I’ve never thought that Putin was my “comrade,” but I haven’t been very knowledgeable about him or his politics. For example, I’ve never agreed or disagreed with the statement, “Putin is an autocrat” because I haven’t known enough either way. The fact that the US media and political establishment want to paint him that way did make a particular impression on me, though, I will admit. But I knew I didn’t know enough so I kept my mouth shut.

    Anyway, Brian Becker on the Empire Files podcast today did a really good job of explaining a bunch of details about Ukraine and Russia, etc., and now I understand the situation better. He said a lot of things I had never heard before, but this one was the most helpful (and I’m paraphrasing):

    “It’s understandable that activists who oppose US imperialism might instinctively side with anybody who opposes them. But here’s why that doesn’t work…”

    He said it in a gentle voice. He wasn’t snarky or judgey. He wasn’t calling anybody a name. And I was like, “Oh my god, I didn’t know it, but I’ve really needed to hear exactly that!” And my ears and mind were wide open to listen.

    “It’s understandable” to make be mistaken about something. Yes, it is! Thank you very much, Brian! I’m not even a socialist, but I really value him because he’s got an approach like this.

    So yes, I’ve been confused and conflicted about issues, but didn’t always know how or why. Sometimes I’ve written or said things anyway, and they’ve been wrong. I’m sure I’ve made people cringe or laugh.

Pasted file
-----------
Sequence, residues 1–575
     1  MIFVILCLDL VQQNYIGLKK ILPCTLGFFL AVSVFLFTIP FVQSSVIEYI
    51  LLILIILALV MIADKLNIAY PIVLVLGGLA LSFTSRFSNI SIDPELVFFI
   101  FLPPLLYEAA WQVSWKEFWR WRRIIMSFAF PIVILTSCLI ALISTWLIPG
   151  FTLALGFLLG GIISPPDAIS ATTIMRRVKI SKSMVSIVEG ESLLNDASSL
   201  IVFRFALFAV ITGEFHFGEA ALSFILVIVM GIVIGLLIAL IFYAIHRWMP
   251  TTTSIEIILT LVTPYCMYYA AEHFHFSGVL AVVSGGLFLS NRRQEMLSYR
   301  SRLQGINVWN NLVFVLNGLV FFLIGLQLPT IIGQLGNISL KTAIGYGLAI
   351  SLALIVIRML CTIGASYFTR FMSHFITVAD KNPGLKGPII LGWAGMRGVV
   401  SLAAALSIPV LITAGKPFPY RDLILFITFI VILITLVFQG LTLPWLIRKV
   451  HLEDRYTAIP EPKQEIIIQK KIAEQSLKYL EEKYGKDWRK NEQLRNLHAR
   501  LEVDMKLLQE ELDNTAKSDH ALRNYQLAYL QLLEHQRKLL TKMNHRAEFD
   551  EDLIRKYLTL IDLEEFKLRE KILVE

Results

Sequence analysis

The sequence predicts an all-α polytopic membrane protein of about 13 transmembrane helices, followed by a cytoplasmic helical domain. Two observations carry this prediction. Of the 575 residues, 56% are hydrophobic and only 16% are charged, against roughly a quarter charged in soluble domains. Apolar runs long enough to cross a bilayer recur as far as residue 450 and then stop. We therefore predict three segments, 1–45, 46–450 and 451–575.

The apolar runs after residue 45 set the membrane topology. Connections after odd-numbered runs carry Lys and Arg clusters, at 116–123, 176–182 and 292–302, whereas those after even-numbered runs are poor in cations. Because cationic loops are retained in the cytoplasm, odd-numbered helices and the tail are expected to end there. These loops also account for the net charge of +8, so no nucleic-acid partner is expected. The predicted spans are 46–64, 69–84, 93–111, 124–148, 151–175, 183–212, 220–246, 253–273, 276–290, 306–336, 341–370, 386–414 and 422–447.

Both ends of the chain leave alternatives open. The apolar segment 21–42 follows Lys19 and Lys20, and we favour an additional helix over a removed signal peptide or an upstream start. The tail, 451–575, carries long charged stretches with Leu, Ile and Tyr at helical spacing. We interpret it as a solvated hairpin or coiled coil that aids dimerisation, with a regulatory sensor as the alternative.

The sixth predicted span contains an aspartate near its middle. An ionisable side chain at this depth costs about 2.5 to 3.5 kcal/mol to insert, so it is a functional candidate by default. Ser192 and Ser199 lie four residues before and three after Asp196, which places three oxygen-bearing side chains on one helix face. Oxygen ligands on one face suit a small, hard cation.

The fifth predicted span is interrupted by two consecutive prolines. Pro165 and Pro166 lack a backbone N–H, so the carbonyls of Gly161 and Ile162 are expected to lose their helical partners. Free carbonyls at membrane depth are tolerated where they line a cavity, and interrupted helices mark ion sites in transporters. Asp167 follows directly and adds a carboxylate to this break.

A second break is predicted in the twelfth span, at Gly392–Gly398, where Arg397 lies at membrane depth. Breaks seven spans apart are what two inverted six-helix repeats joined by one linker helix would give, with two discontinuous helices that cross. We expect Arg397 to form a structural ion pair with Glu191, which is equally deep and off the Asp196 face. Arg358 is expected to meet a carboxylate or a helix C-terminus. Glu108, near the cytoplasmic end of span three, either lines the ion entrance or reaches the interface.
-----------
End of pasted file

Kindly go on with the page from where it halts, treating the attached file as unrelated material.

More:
We are living in what I think should be called “The Age of Bernays.” It’s an era of propaganda. It’s super easy to be misinformed or disinformed, and a challenge to be well-informed. And this particular topic — the nature of Russia’s politics and who Putin really is — well, there’s a LOT of misinformation and disinformation out there about that. I mean, the percentage of the US population who’s got it right is probably in the single digits, isn’t it? I wasn’t getting it right, and I really needed to be walked through the whole thing like Brian did.

    I know you’re a compassionate person who doesn’t want to disrespect anybody, and I’m not accusing you of doing so. But I needed to comment on this one.

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    1. Kenn Orphan Post author

      I respect your point of view, but when it comes to war, I am solid in my condemnation of it and anyone who blindly supports it. And sometimes that means offending some people, especially if I think they are peddling degenerate political ideologies while flesh and blood human beings are being incinerated. I witnessed that kind of degeneracy, largely on the moribund American left, when it came to the Syrian war. I cannot count how many times I saw people posting things to disparage any Syrian opposition to Assad saying, as people like Ben Norton, Max Blumenthal, Caitlin Johnstone or Eva Bartlett said, that they were all “terrorists” and that Russia was helping Syria by carpet bombing hospitals. I vowed after witnessing such degeneracy in politics never to equivocate on such things, and I won’t start now.